Operation: Olympic, the invasion of Kyūshū in Japan, was to begin on "X-Day", which was scheduled for 1 November 1945. The combined Allied naval armada would have been the largest ever assembled, including 42 aircraft carriers, 24 battleships, and 400 destroyers and destroyer escorts. Fourteen U.S. divisions were scheduled to take part in the initial landings. Using Okinawa as a staging base, the objective would have been to seize the southern portion of Kyūshū. This area would then be used as a further staging point to attack Honshū in Operation: Coronet.
Operation: Olympic in Joe Steele
Operation: Olympic, the U.S. invasion of the southern most Japanese Home Island of Kyushu took place six months after the successful capture of Okinawa. Sgt. Mike Sullivan took part in this attack. As before, the Navy bombarded the coastal defenses and sent out fighter-bombers for several days before the punishment brigades and Marines went in. As before, it did less good than the generals and admirals had hoped. The Japanese fired on the troopships and then the landing craft when they came within range using smaller guns that had kept quiet until then. Kamikaze air attacks also proved damaging but enough landing craft came ashore to land an effective force.
Once the punishment brigades reached the interior, they came across a new threat. Civilians armed with black-powder muskets popped up and took single shots before trying to disappear in the undergrowth. The effective range was only fifty yards beyond which only luck would allow a hit. However, the Americans at first hesitated to shoot, especially at women, and would try to save the wounded and take them prisoner. After a number were killed by wounded civilians allowing a soldier to come up and then killing both them and themselves with a grenade, they quickly became hardened and shot to kill.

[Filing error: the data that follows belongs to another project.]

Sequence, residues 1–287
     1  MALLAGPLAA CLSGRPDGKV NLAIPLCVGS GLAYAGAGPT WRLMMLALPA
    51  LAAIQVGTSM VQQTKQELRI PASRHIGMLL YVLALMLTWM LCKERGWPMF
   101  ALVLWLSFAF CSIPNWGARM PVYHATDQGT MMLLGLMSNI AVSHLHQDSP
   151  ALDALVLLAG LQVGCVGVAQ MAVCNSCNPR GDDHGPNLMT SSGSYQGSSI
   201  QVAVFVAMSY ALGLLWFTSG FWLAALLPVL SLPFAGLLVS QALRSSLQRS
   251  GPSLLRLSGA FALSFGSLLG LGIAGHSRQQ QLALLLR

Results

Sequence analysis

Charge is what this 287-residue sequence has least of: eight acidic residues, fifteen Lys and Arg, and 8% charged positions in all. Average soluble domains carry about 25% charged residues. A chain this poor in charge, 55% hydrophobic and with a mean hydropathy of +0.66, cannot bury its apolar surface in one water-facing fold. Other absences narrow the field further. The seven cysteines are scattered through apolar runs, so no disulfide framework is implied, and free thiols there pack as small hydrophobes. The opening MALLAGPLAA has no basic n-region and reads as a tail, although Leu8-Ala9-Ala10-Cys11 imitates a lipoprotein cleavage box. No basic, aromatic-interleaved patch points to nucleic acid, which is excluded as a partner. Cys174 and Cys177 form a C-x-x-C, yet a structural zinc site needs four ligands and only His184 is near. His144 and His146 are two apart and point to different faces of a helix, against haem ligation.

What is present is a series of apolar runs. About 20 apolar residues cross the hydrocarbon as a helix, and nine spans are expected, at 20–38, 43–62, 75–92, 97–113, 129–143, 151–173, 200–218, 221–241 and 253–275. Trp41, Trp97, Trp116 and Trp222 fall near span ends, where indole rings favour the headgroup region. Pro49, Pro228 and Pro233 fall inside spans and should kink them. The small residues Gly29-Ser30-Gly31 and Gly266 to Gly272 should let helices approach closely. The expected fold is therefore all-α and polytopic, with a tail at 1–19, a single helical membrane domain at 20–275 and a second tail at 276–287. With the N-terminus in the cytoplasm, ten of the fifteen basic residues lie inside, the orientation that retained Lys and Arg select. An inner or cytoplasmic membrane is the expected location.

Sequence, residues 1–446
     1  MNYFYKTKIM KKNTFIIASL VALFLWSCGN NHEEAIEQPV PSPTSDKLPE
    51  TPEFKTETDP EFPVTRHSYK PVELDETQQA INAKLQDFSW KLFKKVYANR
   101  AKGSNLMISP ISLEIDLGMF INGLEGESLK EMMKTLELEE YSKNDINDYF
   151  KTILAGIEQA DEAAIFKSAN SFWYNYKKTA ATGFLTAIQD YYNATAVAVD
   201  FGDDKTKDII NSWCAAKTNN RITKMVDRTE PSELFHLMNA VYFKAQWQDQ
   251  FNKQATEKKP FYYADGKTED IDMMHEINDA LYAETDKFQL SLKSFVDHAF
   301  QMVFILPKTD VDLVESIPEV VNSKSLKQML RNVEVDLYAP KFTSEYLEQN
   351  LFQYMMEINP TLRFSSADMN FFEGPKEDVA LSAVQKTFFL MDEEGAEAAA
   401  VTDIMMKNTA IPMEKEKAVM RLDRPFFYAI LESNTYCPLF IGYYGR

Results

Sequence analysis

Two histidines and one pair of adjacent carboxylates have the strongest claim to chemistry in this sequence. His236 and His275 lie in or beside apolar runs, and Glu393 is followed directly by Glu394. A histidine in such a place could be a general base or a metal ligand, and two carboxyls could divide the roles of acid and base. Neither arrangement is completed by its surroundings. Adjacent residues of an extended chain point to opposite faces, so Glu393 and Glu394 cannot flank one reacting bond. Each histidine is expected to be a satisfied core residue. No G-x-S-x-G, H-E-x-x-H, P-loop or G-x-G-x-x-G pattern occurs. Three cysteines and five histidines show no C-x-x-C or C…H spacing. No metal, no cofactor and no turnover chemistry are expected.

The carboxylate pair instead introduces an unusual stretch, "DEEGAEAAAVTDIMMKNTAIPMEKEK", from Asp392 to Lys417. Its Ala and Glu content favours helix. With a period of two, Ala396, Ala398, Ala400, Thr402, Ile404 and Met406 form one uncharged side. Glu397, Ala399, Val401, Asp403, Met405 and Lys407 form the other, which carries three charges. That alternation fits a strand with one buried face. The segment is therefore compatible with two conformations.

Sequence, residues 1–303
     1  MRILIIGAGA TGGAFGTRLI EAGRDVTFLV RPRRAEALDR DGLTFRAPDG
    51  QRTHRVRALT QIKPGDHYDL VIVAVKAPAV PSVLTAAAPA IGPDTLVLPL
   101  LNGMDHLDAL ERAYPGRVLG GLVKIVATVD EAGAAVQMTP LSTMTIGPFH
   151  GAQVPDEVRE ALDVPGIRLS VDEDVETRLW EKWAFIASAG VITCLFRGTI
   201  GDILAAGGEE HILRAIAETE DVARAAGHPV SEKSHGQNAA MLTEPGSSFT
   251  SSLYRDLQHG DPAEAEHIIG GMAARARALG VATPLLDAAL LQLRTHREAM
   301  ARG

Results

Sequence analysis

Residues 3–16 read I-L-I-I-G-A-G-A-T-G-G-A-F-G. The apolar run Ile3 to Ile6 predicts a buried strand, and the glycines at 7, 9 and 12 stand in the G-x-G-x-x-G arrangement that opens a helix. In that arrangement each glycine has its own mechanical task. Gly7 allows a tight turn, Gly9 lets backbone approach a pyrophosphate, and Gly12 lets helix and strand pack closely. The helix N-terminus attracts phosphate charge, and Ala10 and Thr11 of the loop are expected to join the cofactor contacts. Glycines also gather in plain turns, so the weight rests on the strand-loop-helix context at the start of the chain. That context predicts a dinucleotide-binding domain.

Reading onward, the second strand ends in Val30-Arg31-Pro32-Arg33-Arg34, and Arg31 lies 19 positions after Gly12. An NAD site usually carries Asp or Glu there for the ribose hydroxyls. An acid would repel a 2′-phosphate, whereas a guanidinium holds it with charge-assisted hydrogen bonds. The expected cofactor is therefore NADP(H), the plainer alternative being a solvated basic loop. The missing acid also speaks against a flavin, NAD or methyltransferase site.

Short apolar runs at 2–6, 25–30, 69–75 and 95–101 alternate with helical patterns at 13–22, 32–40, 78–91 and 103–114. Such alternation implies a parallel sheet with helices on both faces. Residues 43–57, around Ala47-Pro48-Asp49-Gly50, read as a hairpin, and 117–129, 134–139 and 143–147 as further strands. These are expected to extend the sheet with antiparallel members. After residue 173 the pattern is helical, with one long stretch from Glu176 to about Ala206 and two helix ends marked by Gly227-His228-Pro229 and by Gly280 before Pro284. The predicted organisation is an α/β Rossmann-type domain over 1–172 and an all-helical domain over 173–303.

It proved to be a bloody fight with the Japanese fighting street by street, and house by house to hold Kagoshima, a mid-sized harbor city. Sullivan compared the fight to what the Germans faced in Trotskygrad. However, with American losses in the thousands and Japanese (both military and civilian) in the hundreds of thousands, the U.S. managed to take the island.
- Joe Steele, pgs. 307-311, HC.
- Ibid, pgs. 311-312
- Ibid, pgs. 313-315